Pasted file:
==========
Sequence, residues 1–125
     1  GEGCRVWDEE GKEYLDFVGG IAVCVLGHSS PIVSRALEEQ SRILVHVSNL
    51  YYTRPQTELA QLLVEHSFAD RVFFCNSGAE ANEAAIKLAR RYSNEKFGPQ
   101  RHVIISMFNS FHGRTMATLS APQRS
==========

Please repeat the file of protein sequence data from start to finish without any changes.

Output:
Sequence, residues 1–125
     1  GEGCRVWDEE GKEYLDFVGG IAVCVLGHSS PIVSRALEEQ SRILVHVSNL
    51  YYTRPQTELA QLLVEHSFAD RVFFCNSGAE ANEAAIKLAR RYSNEKFGPQ
   101  RHVIISMFNS FHGRTMATLS APQRS